Customer initiates medical invoices from the GoFundMe for Contributor provider
A popular Franklin newspaper seller struggles with a melanoma diagnosis, and his customers are rallying around him with a fundraiser to help pay for medical bills.
Brian Wolz has sold Contributor newspapers to Franklin for the past decade, and he’s known throughout town for his kindness and positive, contagious attitude. Client Donna Willoughby launched a GoFundMe for Wolz in an effort to raise $ 10,000 for him. So far, she has received over $ 2,200 in donations.
“I’m still in shock,” Wolz said upon learning that Willoughby was fundraising for him. “Franklin is really good.”
Wolz is The Contributor’s best seller and even broke a world record for street newspaper sales. But a melanoma diagnosis, surgery and the pandemic have slowed its sales to a trickle, costing it three months of rent with other bills piling up.
“He’s just a very kind soul,” Willoughby said. “No matter what is going on in his past, he has a kind word to say.”
Willoughby and her husband previously owned a hardware store in Franklin, and she often saw Wolz selling newspapers. The two became friends over the years and she brought him food and drink while he worked.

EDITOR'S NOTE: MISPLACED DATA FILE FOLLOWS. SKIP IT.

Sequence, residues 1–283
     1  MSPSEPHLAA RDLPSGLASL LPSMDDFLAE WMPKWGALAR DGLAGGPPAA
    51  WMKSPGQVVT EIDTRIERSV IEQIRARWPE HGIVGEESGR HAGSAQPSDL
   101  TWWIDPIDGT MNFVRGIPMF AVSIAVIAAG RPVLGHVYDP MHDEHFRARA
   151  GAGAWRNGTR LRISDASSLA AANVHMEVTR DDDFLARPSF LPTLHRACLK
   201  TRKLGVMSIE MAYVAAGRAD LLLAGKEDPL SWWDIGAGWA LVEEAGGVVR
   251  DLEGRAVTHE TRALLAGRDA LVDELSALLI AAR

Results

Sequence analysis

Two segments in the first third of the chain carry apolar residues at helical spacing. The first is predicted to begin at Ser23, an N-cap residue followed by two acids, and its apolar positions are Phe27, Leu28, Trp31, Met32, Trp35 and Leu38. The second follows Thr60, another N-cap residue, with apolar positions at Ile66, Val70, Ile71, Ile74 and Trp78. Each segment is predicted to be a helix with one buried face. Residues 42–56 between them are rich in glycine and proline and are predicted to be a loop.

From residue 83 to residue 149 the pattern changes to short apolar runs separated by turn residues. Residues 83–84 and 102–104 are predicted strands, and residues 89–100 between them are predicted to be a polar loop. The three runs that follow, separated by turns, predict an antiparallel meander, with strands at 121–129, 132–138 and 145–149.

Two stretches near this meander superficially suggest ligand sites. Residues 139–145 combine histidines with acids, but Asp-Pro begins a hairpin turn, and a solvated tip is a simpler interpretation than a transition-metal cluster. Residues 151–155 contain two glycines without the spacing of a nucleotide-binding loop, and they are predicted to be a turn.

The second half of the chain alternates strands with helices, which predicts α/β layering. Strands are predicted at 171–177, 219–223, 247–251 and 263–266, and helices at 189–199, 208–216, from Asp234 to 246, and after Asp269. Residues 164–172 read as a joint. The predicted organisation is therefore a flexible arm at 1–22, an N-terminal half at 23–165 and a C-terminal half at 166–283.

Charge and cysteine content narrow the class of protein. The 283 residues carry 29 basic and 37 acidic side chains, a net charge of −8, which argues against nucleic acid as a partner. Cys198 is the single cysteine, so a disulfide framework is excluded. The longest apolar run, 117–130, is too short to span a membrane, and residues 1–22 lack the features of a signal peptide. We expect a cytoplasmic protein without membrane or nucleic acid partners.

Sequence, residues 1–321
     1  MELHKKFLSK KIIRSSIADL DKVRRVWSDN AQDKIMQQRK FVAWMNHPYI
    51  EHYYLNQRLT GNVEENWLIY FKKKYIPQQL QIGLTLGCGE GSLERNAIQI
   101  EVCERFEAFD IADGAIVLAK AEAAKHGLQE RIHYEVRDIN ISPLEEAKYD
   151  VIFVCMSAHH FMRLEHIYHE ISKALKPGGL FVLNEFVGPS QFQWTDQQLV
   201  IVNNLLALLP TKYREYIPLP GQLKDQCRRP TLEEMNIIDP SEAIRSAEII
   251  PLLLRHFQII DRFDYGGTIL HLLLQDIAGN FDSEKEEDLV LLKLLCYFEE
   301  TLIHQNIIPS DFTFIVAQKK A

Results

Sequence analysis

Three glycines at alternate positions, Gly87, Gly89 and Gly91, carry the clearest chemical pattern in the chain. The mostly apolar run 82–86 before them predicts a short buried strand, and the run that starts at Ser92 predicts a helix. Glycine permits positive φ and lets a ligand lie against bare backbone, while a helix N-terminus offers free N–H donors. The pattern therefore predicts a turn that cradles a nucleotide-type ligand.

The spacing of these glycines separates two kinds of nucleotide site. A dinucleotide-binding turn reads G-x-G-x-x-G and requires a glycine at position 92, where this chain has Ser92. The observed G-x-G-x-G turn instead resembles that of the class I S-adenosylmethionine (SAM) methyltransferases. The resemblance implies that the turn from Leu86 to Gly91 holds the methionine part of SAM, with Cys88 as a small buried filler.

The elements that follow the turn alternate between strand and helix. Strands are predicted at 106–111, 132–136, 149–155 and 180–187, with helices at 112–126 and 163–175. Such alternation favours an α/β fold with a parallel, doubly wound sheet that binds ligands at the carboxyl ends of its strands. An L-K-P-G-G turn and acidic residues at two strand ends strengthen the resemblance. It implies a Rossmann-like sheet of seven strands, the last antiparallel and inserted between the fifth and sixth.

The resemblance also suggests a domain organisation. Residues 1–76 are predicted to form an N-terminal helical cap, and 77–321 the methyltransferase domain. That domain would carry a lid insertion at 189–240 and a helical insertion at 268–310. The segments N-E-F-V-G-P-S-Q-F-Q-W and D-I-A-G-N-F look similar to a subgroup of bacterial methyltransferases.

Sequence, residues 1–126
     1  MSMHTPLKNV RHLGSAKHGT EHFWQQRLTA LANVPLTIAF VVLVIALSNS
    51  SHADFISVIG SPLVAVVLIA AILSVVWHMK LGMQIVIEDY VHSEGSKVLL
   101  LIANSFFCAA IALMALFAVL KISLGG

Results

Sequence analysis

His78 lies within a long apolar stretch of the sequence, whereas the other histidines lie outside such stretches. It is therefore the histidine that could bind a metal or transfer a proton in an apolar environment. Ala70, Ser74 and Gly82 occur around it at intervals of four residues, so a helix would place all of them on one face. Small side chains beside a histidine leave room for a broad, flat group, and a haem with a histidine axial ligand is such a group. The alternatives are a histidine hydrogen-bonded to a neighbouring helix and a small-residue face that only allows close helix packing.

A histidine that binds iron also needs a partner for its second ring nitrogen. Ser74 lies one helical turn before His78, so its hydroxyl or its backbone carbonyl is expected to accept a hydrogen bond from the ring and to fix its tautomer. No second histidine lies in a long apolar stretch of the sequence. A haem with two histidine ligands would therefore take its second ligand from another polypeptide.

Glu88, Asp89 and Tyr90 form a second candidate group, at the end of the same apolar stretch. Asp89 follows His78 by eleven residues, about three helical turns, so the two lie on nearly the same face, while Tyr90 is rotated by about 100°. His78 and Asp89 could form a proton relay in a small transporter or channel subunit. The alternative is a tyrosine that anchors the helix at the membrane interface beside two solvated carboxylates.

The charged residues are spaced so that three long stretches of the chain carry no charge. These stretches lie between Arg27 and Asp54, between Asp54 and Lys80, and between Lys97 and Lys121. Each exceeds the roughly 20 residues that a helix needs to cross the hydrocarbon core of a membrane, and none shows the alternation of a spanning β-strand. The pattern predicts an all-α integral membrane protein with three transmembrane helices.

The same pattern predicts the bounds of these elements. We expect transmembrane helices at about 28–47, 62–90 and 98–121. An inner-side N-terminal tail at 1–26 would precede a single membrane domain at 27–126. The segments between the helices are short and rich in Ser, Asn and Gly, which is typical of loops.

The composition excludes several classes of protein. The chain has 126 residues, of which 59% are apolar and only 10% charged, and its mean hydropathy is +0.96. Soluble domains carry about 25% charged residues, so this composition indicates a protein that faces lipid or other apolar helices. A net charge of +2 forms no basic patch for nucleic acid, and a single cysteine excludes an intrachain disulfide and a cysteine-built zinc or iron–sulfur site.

When she learned that her diagnosis had put her out of work, she started fundraising. Her diagnosis was personal, as Willoughby herself had uterine cancer and friends and family died from the disease.
Wolz was diagnosed with melanoma in his arm six months ago. Three spots were on her elbow and spread to her wrist, but they were recently removed in surgery. His arm is tender and he is still months away from a full recovery. He slowly started selling newspapers again, going out a few hours a week, but it left the 61-year-old exhausted and in severe pain keeping newspapers and waving to customers.
“I’m still not out of the woods,” he said. “I’m on the right track. It’s a big turnaround from where it was.”
This isn’t Wolz’s first battle with skin cancer. He had already had it by ear two decades ago while working as a blacksmith. He was fired because he was unable to work in the heat after suffering heat stroke. But he enjoys working outdoors, which is why selling The Contributor is perfect for him.
Selling papers is not easy. Rain or shine, sleet or heat, it is held in downtown Franklin and sells newspapers for up to 5 pm a day. Earlier this year, the city aldermen discussed the limitation of street vendors in the downtown district, but declined the proposal, which would have reduced Wolz’s sales.
Wolz said he was grateful to his buyers and their kindness. When he previously sold newspapers in Nashville, he said people shot him with a paintball gun and threw beer at him. People don’t heckle him at Franklin.
“It’s hard to be there,” he said. “Sometimes you feel embarrassed or you don’t feel good, but you just have to go out, hold your head up high, smile and try not to let it be known. You have to be very positive and upbeat when you are around the corner. street, because you are in the public eye. ”